Living in Gratitude While Missing My Native Tongue
By Tracy Wang
It’s easy—almost far too easy to just say where we are from. A country. A place. A word. But where we really come from is from our parents and our culture. A history.
I lost connections to my homeland when I was brought to America at the young age of three. As a child of immigrant parents, my sister and I had to worry about our English speaking skills to survive in this new country. We spoke English every day, whether we were at home, at school, or just taking a walk. But all that practice left us in a complicated position. We started to excel in English but gradually began to lose our native tongue.
Yet, I’m grateful. I am grateful because the foundation my mother has set in me is strong. I’m also grateful for my mother and the sacrifices she has made for me and because of her, I will never really lose my native tongue.
I am from a place I don’t understand because I don’t speak the language fluently. I don’t know many places there, not even a single unique landmark, and I can’t tell you precisely where I used to live as a child. But sure, allow me to show you the geography of China and tell you where I’m from. I don’t trust in my full capabilities to deliver an origin story but this is as beautiful as it can be.
I belong to a small city in a southeastern province in China with a population of 7 million people, and that is where generations of my family grew up and lived out their overworked yet amazing lives. This blood, the Fuzhou blood running in my body, separates me from so many other Chinese descendants and it’s a beautiful concept to belong to a smaller and more distinct community. Fuzhou is part of Fujian, which is the real province, and it belongs to the river basin which makes us surrounded by glorious mountains. And oftentimes when I travel back in the summertime, I visit the loud and awake areas of the city then to the more remote and peaceful mountainous regions that are farther out.
My immigrant mother was raised in an impoverished family so she didn’t receive a high school education. She had to work odd jobs in middle school after she got out of class. She would come home exhausted but had to take care of the house, cook dinner for her fatigued parents and care for her younger brother. She did this with nobody by her side and no emotional support. She did not get the chance to eat foods that were nutritious and tasty because she couldn’t afford them. She taught me not to be wasteful of food and to always live a humble life as well.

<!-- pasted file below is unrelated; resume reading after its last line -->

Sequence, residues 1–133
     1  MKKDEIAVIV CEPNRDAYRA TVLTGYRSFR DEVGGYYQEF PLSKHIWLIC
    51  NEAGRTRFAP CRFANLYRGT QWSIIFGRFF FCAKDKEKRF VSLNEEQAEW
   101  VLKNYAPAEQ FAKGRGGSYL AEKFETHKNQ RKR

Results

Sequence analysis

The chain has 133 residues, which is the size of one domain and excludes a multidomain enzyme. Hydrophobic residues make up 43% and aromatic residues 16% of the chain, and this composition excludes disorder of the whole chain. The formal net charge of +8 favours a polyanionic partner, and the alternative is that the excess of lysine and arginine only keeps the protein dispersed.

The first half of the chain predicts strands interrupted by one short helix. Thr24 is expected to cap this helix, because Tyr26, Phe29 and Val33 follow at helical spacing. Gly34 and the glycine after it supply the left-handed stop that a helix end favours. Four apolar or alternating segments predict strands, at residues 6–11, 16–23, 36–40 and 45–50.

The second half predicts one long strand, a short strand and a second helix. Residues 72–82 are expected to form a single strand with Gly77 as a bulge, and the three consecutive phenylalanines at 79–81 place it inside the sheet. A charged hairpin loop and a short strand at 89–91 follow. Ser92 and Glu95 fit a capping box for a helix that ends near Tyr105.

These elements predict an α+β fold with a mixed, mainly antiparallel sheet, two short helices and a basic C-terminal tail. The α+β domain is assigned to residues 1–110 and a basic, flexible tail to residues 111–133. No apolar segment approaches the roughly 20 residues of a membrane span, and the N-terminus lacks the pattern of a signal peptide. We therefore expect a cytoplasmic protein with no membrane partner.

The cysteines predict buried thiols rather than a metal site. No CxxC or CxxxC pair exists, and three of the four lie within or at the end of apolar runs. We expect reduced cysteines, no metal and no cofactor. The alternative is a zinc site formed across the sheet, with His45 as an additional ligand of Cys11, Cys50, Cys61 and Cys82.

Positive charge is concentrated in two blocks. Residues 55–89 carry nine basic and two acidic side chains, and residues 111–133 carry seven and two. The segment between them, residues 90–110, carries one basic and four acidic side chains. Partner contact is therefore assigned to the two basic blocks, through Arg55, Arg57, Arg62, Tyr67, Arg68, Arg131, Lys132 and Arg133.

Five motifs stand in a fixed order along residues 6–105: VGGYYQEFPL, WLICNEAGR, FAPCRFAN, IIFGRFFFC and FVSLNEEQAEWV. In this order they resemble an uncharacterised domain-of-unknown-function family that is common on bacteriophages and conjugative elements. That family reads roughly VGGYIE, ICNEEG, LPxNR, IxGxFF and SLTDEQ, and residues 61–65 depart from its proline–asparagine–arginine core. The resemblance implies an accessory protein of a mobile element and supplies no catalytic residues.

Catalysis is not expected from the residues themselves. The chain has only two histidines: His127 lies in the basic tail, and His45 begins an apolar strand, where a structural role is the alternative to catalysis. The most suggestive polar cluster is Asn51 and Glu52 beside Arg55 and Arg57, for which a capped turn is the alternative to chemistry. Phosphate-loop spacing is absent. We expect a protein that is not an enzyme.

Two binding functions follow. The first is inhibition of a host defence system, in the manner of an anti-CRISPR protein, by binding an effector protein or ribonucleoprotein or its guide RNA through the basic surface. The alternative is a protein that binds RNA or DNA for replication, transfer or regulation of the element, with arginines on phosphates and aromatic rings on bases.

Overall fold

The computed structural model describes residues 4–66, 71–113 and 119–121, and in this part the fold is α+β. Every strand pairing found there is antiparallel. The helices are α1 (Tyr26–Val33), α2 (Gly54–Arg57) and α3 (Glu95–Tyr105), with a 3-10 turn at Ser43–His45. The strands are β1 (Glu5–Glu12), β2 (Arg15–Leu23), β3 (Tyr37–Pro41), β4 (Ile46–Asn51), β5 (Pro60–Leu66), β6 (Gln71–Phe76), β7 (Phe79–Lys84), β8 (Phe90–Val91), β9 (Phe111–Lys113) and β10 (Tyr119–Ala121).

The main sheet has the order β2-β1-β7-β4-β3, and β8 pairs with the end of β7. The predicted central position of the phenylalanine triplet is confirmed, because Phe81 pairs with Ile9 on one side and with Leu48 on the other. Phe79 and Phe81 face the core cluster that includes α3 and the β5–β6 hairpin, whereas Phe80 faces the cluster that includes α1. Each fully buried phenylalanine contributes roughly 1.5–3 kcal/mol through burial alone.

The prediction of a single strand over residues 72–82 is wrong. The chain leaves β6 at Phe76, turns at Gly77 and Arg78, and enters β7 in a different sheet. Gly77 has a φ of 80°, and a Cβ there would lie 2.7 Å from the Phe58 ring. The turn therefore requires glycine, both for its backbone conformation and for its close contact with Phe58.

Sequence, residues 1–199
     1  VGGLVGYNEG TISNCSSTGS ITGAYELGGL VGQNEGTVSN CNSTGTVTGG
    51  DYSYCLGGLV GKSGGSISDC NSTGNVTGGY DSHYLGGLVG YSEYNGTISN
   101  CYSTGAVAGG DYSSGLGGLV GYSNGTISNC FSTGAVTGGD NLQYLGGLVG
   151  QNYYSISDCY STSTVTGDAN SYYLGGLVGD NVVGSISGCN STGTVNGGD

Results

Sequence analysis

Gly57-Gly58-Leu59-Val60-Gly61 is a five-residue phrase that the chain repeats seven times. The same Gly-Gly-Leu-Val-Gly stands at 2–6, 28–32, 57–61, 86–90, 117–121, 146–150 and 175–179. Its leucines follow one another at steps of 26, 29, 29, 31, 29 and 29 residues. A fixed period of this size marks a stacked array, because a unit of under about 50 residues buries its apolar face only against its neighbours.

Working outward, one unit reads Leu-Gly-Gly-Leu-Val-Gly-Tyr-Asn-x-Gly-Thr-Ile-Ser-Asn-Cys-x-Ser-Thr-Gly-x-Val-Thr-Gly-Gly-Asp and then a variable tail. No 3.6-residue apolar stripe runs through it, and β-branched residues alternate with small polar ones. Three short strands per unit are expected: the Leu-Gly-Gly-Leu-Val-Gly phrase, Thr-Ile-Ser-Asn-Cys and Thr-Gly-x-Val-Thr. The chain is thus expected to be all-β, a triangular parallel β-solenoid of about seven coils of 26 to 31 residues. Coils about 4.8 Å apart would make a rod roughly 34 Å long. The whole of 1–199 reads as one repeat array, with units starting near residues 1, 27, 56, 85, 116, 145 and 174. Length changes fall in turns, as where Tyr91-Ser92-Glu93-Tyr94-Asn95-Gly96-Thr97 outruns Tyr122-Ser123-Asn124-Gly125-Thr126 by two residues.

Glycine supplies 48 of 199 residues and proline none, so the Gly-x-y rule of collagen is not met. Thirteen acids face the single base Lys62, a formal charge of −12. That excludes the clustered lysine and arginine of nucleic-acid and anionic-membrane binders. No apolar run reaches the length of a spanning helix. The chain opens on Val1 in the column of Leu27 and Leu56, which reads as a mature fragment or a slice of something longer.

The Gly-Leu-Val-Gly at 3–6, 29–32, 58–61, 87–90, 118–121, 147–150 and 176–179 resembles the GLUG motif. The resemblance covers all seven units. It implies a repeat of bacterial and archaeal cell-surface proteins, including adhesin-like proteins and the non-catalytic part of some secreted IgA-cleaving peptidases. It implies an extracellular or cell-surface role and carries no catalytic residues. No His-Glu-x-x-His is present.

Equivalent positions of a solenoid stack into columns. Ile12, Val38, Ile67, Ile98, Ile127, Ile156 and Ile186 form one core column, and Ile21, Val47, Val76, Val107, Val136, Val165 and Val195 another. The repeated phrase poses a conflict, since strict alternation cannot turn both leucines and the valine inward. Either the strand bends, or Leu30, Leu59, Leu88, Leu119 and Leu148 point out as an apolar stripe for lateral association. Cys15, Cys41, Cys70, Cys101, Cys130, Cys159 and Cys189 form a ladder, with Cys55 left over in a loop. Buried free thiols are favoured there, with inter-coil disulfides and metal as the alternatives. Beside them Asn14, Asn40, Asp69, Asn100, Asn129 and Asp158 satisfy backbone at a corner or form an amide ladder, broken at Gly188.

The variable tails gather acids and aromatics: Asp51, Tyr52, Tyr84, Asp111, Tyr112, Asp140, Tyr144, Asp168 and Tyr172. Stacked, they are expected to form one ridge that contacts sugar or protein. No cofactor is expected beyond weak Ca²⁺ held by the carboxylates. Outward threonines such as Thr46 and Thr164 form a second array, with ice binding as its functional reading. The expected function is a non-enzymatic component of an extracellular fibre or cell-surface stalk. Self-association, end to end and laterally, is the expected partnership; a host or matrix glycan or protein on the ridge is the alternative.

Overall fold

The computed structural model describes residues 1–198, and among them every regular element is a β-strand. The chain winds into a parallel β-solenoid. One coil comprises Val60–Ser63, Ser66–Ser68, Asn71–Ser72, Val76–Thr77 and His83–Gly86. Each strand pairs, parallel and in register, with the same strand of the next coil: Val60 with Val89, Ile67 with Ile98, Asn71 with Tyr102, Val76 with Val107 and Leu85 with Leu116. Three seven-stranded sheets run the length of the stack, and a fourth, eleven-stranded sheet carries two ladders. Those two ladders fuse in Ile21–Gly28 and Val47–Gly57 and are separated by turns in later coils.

My mother came to the Americas in hopes of finding a new job and a better life. And here in this free country is where she chose to have us, so we can have a better life, unlike her. School for youngsters like us means busy mornings; she would be waking up in the early morning to prepare breakfast for us and walk us to school in the frigid winter weather, to make sure we were warm and all bundled up. She prioritized our education by helping us with homework to the best of her power. She made us lunch and dinner and always remembered my favorite foods like stir fried cabbage and Chao Mi Fen, a delicious noodle dish. Her actions were the constant motivation to keep us learning and show us that we’re loved and cared for, and that although we are kids we work hard too.
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My mother also makes life fun for us. She would agree to chaperone on field trips so she’d be able to watch over me, and put me in swimming classes. She also put me in a Chinese class so that I would know life skills. We hung out at the Bronx Zoo, aquariums, Brooklyn’s Prospect Park, amusement parks, supermarkets, the beach, and the Botanic Garden. We also traveled to China and Canada. She made it all possible to ensure we had a memorable childhood. She also supports me emotionally. After school, I would come home and cry because I was made fun of and harassed by little kids in my grade. This is just a drip from a bucket of everything she’s done.
Today, I stand as a sixteen-year-old girl who has skin the color of sun-kissed desert sand. I’m grateful because through the help of my mother I’m regaining my native tongue and learning about my culture. My mother has been there for me and made so many sacrifices so my sister and I can have a future, live stably and independently. Where exactly is someone with yellow skin from? This is an easy question but for some reason we, being humans, usually overthink it. Or more like overexplain it in efforts to make it more complicated and meaningful. And even so, that complexity is just as beautiful as our simple origins. I’m just grateful for everything in my life.
Throughout the entire pandemic, both of my parents have been there to support me. Not outrightly, sometimes not verbally, but frequently through the act of taking care of me. Undertaking chores, making comforting food of my culture, encouraging me to build stronger versions of myself…so much more. Everything they taught reflects outwardly in the girl I am, with their love by my side during this difficult time. I believe I owe many thanks to these two outstanding humans.
No specific workshop inspired my piece, but many of them came together to collectively build up the words I wanted to express in appreciation. This is my first half of the personal essay dedicated especially to my sweet mother.
Tracy Wang is a 15-year-old who first discovered her zest for writing during her middle school years. Being the recipient of every wonderland books offered her, she's now decided to tell stories she's seen, stories that grew near to her heart, stories that inspired her and would inspire others, stories to call her own. Writing for her has always been a form of communication, either to others around her or to herself. It is a form of change, of healing and developing, of learning and indulging, and brings revolution. Motivated by show-not-tell, she believes writing accomplishes this.